By Christopher Pereira
It’s here! It’s here! Sound the alarms…Beretta has finally released a rifle many have sought after for 6+ years. The question is; was it worth the wait? I say yes with a few gripes. Let’s find out why . . .
The ARX line makes the most of the newest materials, known as Beretta’s “techno-polymer” and quality control systems while enhancing ergonomics, lowering maintenance requirements, maximizing user adaptability. The ARX 100 features a constant contact/short-stroke gas piston system that makes it feed and fire under the most unforgiving conditions. The appearance is a smooth rifle with a very middle balance point when loaded. It is definitely front heavy but not as much as a Robinson Armament XCR or even the FN SCAR.
Lets talk disassembly.
To make maintenance easy and trouble-free, this rifle has no pins and can be completely disassembled in a matter of seconds with no tools at all. It disassembles into 4 main parts, not including the magazine. The main body, the 1.7 twist 5.56×45 chambered; chrome lined barrel and piston, the lower trigger group, and the bolt carrier group. The body comes apart by folding the stock and pushing the metal into the receiver. The weird part is that at the same time you must be pushing up on the safety to an almost mystery notch. It’s hard to show in pictures so here is Beretta’s video:
Left-handers rejoice, this rifle is for you. Let’s say you want the charging handle on the opposite side of the rifle, like an AK. Done. Move the bolt to the maintenance position, pull out, push to the other side and your done.
Now to change ejection, take a bullet or punch tool, and push it through a tiny hole near the rear of the rifle. This pushes a metal plate that switches which of the dual extractors works as an ejector. Most people would say that doing this could cause something to go wrong, but 2000 + rounds and multiple switches says differently.
The accuracy for this rifle was surprising. This is a 50 yard target:
The rounds below the middle red were all sight in for a Vortex Sparc II red dot sight, so do not count them in overall performance. The rifle while hot, 86 degrees outside in Florida, who knows how hot the rifle was after shooting the first hundred rounds at a 25 yard target, delivered the 1 ¾ cross shaped pattern you see in the red while standing. With a full powered scope and a rest, I can see it doing the same at 100.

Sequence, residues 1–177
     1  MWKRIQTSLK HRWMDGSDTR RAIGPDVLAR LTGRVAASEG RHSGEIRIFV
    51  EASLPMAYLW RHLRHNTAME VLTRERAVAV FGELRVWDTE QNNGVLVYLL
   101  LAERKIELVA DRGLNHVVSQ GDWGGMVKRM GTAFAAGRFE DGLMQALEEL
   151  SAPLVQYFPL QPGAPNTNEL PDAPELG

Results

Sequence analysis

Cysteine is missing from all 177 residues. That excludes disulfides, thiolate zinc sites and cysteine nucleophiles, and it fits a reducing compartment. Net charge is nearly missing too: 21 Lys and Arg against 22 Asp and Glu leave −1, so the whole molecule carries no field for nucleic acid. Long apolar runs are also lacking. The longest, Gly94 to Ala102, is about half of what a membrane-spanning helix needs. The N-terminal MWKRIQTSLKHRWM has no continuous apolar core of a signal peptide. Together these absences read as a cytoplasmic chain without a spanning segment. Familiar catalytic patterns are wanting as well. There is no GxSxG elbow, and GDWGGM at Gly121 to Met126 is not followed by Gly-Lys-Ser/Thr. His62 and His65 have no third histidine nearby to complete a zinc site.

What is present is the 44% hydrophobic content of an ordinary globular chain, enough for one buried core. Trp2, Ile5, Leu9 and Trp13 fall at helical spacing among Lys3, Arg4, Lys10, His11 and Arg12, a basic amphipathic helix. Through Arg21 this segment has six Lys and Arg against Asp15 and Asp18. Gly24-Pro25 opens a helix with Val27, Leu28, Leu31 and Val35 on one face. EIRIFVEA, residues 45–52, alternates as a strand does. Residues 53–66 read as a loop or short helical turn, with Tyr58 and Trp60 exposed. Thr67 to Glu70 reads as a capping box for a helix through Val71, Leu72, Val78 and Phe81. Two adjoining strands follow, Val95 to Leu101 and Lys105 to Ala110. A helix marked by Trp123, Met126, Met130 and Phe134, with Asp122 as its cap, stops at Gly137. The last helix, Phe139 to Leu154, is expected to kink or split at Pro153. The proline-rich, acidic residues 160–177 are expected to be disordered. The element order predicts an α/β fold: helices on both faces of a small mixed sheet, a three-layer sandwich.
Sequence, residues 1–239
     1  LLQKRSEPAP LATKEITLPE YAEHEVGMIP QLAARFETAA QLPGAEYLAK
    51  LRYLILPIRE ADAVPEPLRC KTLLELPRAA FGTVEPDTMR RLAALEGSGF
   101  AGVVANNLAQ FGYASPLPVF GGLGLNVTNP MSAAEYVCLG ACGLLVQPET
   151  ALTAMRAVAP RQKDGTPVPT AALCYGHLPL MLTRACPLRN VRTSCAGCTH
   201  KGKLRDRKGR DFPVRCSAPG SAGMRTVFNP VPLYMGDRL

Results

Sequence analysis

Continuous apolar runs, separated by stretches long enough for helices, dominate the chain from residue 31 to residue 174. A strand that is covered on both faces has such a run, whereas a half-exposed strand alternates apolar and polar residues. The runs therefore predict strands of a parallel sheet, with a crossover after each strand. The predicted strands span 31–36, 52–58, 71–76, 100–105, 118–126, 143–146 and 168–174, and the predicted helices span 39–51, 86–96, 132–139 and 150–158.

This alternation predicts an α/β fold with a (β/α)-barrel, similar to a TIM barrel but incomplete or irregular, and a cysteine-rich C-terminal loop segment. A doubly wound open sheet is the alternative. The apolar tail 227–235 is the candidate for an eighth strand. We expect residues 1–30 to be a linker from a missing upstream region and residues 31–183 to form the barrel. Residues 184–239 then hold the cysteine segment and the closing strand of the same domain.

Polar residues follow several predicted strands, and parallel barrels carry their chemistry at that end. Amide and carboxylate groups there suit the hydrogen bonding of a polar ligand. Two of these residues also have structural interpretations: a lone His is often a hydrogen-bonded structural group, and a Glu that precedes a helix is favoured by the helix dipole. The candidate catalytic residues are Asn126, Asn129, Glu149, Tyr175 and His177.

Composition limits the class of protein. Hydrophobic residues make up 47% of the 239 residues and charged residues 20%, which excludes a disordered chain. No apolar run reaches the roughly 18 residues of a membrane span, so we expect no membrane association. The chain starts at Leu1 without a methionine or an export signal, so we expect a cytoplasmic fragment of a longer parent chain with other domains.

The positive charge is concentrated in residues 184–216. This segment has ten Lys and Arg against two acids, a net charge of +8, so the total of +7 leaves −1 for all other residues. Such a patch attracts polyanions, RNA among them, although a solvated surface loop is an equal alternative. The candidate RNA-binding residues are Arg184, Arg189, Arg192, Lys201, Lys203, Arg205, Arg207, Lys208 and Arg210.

I see this rifle as a lightweight, easy to move carbine. If an officer who is left or right handed and has a good amount of money left over, this works as a patrol car rifle. In other calibers, like the up and coming 300 blackout, I can also see it as a small game hunting rifle.
Now for the bad. That trigger, though possible the cleanest breaking, is a heavy 10.5 pounds. I actually broke my scale before I could get a picture (I dropped it rod first, and it shoved far enough in to break the springs), but it averaged at 10.565.
This rifle is the newest, and lightest piston driven 5.56 rifle out there. It may have a few quirks, like the bolt handle and slight magazine pickiness, but it does the job very well. Give me this over a heavier piston driven AR anyday.
Caliber: 5.56x 45
Barrel: 16 inches
Overall Length: 35.75 Inches Unfolded, 28 Inches Folded
Weight (unloaded): 6.8 lbs.
Action: Piston-Driven, Semi Auto
Capacity: 30 round steel magazine standard, most Ar15 mag compatible
Price: MSRP: $1950, purchased for: $1520
Ratings (out of five stars):
Ambidexterity * * * * *
100% ambidextrous. Bolt handle, ejection, everything can be swapped or is all ready there for left handed users.
Accuracy: * * * *
Although not the most accurate semi automatic rifle in the world, I definitely see at least a 1 ½ to 2 moa rifle, which is standard for military rifles. A lighter trigger would help maintain a tighter group. Due to 1in 7-twist rate, my specific model prefers 50 to 62 grain ammunition.
Style: * * * *
Although a little chunky looking, the sweet curves of Italian style are all there.
Ergonomics: * * * 1/2
Light weight, easy to hold, but there will always be complaints. The Charging handle is definitely a little too short. The annoying almost A2 style pistol grip can annoy my fingers when holding for extended periods, but once firing you don’t notice it. The controls, like bolt lock/release were stiff at first, but were fine after 200 rounds.
Reliability: * * * * *
Absolutely flawless. 2,000 rounds from steel case Tula to Fiocchi with very little oil. Some magazines like gen 3 pmags and High capacity surefire 60 and 100 round don’t work.
Customize this: * * * *
Although not as customizable as the venerable Ar-15, you have a monolithic upper rail, side rails, and a “coming soon” full bottom rail for any grip your heart desires. With caliber conversion kits coming in 300 blackout, 7.62×39, and 6.8 spc, the caliber customization is nearly endless.
Overall * * * *
The rifles many positives out weigh the few negatives. With endless optic mounting abilities, bountiful amounts of magazine options, its lightweight, and the ease of switching barrels and cleaning, it out ways the trigger and small charging handle. I believe with some fine tuning this rifle will fit my needs well.